• (2) Empress Tree or Princess Tree (Paulownia tormentosa). These need a bit of babying for the first year or two, but once established they’re virtually unkillable. They coppice well (i.e. resprout from the roots), and they create beautiful deep shade with their large, soft leaves. They’re fire retardant (i.e. they’re hard to burn, and fires will generally stop at them as if at a firebreak), and their flowers are a very good nectar source for bees. Grow easily from seed; fast growing.


  • (3) Jacarandas (Jacaranda mimosifolia) are hardy, tough, and beautiful. Their only real use (other than shade and soil stabilisation) is that the flowers are a good nectar source for bees, but I love them. Flowering jacarandas have always been my marker for spring. Grow easily from seed; fast growing.


  • (4) Illawarra flame trees (Brachychiton acerifolius) need a biut of support through their first summer, and they suffer quite badly from defoliation by grasshoppers, but they’re pretty tough. Their seeds are theoretically edible (were used for food by some Aboriginal groups), but the seed pods contain irritating fine hairs similar to the glochids on prickly pear cactus. They can cause blindness if they get into your eyes, so be careful handling the seeds and seed pods.


  • (5) Honey locust (Gleditsia triacanthos) are similar in appearance to jacarandas, with feathery leaves, but they don’t have the showy flowers of the jacaranda. Their seed pods (and leaves) are useful as stock feed, though; high in sugar and minerals. There is some indication that honey locusts may be nitrogen fixing, although they are non-nodulating – it’s controversial, but they do show many of the characteristics of nitrogen fixing trees, including thriving in low N soils. Grow easily from seed; fast growing.


  • (6) Olives (Olea europea) are not fast growing trees, but they are very hardy. They need very little support after their first year in the ground (although extra water and fertiliser will encourage them to grow faster), and are a commercially productive tree. Propagate from cuttings of known varieties.


  • (7) Casuarina or Allocasuarina species – I’m not actually sure what species the ones we have are, as they self-seeded from local stands. Could be Allocasuarina decussata, or possibly Allocasuarina huegeliana. Whatever exact species they are, they produce copious quantities of pollen for the bees, and the foliage can be used as livestock feed for ruminants. Given they volunteered (self-seeded), they must grow easily from seed, and they do grow fast. I’ll try deliberately planting some seeds this autumn and see how that goes.


  • (8) Frangipani (Plumeria spp.) are surprisingly tough, and can be grown very easily from cuttings. They give good shade, and drop a lot of leaves in winter, providing some good soil-building biomass. I can’t find a corroborating link right now, but the petals of the frangipani flower are edible, and can be added to salads. I have not done any toxicity testing, so eat at your own risk, but I have eaten them with no ill effects.


Amusingly, fig trees don’t make this list. People think that figs are tough and hardy, and they are – once established. Getting them there though.. they have to be babied through their first 2 – 4 years in the ground with extra water and a lot of care. We have killed four baby fig trees learning this.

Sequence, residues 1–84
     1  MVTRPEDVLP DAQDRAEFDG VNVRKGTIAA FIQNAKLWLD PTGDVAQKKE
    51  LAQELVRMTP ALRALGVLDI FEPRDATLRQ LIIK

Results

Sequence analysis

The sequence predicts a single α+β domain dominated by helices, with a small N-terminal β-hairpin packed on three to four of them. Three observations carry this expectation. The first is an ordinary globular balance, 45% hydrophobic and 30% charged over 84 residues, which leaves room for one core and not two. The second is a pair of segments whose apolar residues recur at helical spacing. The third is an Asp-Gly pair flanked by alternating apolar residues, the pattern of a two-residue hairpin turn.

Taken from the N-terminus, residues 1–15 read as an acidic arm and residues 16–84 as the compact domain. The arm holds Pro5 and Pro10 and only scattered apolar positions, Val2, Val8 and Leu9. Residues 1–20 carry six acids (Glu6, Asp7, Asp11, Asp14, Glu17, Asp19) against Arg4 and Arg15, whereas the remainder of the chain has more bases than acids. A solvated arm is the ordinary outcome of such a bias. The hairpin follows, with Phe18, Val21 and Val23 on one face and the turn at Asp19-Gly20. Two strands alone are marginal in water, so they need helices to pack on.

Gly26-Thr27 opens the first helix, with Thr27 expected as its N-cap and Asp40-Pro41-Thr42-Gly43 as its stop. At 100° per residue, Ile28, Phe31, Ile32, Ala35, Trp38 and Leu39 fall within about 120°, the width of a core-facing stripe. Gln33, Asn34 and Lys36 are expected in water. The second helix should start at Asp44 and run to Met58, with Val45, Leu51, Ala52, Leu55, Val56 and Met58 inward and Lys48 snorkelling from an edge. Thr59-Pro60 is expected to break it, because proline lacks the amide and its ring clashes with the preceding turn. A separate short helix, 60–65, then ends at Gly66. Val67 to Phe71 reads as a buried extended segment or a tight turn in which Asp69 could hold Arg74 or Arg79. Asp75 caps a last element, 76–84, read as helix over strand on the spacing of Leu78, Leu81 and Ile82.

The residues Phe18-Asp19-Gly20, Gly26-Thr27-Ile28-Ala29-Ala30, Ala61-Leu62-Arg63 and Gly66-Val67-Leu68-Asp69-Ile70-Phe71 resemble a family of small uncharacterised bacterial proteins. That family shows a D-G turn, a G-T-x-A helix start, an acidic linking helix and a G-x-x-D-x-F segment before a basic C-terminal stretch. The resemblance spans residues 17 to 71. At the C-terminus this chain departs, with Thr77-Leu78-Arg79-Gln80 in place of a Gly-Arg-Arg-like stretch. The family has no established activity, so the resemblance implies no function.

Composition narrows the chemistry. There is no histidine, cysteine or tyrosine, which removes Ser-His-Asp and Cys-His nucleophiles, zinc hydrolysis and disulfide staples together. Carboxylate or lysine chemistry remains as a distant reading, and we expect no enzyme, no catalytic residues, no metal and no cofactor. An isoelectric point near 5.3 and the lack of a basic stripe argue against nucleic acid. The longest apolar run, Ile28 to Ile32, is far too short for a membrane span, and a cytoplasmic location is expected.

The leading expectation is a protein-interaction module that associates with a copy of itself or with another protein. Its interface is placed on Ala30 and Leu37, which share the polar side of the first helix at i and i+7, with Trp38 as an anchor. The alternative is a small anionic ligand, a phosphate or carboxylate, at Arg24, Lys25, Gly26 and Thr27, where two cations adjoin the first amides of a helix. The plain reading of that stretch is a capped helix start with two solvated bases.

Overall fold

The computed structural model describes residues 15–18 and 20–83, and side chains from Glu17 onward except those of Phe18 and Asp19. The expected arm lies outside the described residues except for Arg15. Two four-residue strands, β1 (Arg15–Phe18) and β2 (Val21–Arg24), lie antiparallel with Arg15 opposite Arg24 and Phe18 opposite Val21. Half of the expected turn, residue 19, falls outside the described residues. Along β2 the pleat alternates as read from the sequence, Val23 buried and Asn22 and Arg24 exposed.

Pomegranates should be a good option, as long as they are in full sun. So far our pomegranate experiments have not done well, because we mistakenly thought that full sun in Europe would = some midday shade in WA. Not true. After 2 years of not growing and barely surviving, with permanently yellow leaves, we gave in and dug the 2 baby pomegranate sup, and moved them to a full sun location to see what would happen. One didn’t survive the transplant, but the other is thriving for the first time ever and actually growing. I’ve ordered some more young trees, which will go into the ground when they arrive in nice, sunny locations, and I’ve planted some seeds from a supermarket fruit to see what happens. If they germinate reasonably easily, I may import some new genetics from the US and the middle east in seed form and start playing with pomegranate breeding.


Apples, pears and quinces do remarkably well if provided with a bit of additional water in summer (not much water is needed to keep them alive, but they need it regularly – twice a week). They do summer complete defoliation from the grasshoppers though, so either spray them with insecticide (neem oil is great) or net them. Guinea fowl do help keep the grasshopper population down, but they don’t provide sufficient control to keep the trees alive without spraying or netting.


The next experiments (currently in seed trays, hopefully germinating soon) include moringa (Moringa oleifera), graceful honey myrtle (Melaleuca radula), and bottlebrush (Callistemon spp. – locally collected seed). We also have poplar (Populnus nigra) and willow (Salix spp.) cuttings growing, to plant out this autumn, and some lilly pilly (Syzygium smithii) seedlings in the ground to see how they go.


The experiments never end though. I want to try putting in some tagasaste (Cytisus proliferus, also known as Chamaecytisus palmensis) and leucana (Leucaena leucocephala), and some black mulberry (Morus nigra) seedlings. I’d like to try some riberry (Syzygium luehmannii) plants too, if I can find some.